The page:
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Victoria’s Silent Revolt: QR Code Check-ins Drop 800,000 In One Week

Bumbling Brett Sutton’s infamous admission, that if the Victorian government can’t enforce check-ins they’ll scrap them, could very well come back to haunt him:

The Department of Jobs, Precincts and Regions met with hospitality and retail groups on Friday to discuss how making the Covid-19 booster mandatory might affect their staff and customers, The Age reported. A third jab could be required meaning that unvaccinated and double-jabbed residents would no longer be allowed to visit hospitality venues.

You’re only ever one booster away from being unvaccinated.

During discussions, the group, which included National Retail Association, Restaurant and Catering Industry Australia and the Franchise Council of Australia, also spoke about the future of QR codes. There were talks about their usefulness, with health authorities less reliant on the app as they scale back on contact tracing and shift their focus to high risk close contacts. According to data obtained by The Age, there’s been a huge drop in Victorians using the Services Victoria app to check into business and venues, with 800,000 fewer QR code check-ins recorded during the second week of January compared to the first week of the year.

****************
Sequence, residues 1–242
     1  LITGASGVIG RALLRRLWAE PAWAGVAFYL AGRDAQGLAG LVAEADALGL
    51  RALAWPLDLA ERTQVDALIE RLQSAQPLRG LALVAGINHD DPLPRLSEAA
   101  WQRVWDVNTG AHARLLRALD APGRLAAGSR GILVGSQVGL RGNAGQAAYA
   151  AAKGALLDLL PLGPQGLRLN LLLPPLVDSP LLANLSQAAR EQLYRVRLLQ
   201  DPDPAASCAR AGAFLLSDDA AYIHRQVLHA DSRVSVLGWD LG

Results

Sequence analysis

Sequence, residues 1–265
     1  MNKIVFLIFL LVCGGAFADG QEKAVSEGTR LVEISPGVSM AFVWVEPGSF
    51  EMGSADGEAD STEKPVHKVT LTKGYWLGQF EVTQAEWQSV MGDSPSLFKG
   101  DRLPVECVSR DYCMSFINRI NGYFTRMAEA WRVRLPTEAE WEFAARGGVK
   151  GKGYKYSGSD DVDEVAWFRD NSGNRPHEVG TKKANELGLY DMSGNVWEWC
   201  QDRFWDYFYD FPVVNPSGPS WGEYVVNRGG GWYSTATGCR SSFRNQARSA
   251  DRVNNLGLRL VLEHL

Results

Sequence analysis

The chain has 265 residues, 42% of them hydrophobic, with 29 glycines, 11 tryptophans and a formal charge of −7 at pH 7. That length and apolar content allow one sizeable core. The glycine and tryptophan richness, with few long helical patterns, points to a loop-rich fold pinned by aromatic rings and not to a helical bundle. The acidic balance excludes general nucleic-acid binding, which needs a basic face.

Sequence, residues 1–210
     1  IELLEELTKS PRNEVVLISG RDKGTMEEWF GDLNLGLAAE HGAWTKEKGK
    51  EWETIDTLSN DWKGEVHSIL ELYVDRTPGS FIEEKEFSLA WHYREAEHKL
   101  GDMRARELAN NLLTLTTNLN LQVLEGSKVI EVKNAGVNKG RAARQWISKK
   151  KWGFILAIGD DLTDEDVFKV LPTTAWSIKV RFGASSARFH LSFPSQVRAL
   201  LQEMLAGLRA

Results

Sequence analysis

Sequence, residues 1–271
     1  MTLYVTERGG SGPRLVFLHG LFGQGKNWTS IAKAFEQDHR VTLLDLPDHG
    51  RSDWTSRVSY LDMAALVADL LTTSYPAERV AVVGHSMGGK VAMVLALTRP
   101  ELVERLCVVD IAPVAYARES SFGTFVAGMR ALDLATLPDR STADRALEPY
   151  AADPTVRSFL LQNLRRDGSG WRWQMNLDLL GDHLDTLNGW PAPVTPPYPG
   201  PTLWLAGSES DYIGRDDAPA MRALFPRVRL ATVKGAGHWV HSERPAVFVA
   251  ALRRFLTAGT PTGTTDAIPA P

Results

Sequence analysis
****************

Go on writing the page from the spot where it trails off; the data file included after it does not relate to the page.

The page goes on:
Regarding overall check in figures:

There were 25.2 million check-ins recorded in the first week of January, and 24.4 million check-ins in the second week. The Department refused to disclose how many check-ins were recorded in November and December, but said it was greater than the January figures.

That’s a tad over a 3% drop. January is generally pretty slow and people do use other methods to check in, but a downward trend is apparent and it’s nothing to sneeze at (yes, that pun was 100% intended.) Victorian retailers are certainly taking it seriously:

National Retail Association chief executive Dominique Lamb told the publication making a booster shot mandatory would only lead to more customers lashing out at staff — and in turn put increased pressure on struggling businesses. “It’s a very polarising topic,” she told The Age. “When this was in place last time we had members who were having human excrement smeared on their windows, they were hiring their own security and people were being attacked. We have great concerns about having to go through that again.”


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